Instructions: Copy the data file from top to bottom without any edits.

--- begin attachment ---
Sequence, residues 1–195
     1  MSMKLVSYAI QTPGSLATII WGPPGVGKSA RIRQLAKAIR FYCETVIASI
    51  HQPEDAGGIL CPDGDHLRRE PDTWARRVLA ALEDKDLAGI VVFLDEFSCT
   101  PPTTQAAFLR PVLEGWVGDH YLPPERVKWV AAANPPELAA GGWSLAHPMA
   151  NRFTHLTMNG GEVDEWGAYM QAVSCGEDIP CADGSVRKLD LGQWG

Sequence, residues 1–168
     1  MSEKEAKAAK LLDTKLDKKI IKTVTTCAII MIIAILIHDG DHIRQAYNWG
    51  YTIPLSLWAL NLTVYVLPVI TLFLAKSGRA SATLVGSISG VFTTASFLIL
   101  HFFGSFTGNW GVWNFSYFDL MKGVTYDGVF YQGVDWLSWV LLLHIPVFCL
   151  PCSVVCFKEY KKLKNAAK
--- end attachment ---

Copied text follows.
Sequence, residues 1–195
     1  MSMKLVSYAI QTPGSLATII WGPPGVGKSA RIRQLAKAIR FYCETVIASI
    51  HQPEDAGGIL CPDGDHLRRE PDTWARRVLA ALEDKDLAGI VVFLDEFSCT
   101  PPTTQAAFLR PVLEGWVGDH YLPPERVKWV AAANPPELAA GGWSLAHPMA
   151  NRFTHLTMNG GEVDEWGAYM QAVSCGEDIP CADGSVRKLD LGQWG

Sequence, residues 1–168
     1  MSEKEAKAAK LLDTKLDKKI IKTVTTCAII MIIAILIHDG DHIRQAYNWG
    51  YTIPLSLWAL NLTVYVLPVI TLFLAKSGRA SATLVGSISG VFTTASFLIL
   101  HFFGSFTGNW GVWNFSYFDL MKGVTYDGVF YQGVDWLSWV LLLHIPVFCL
   151  PCSVVCFKEY KKLKNAAK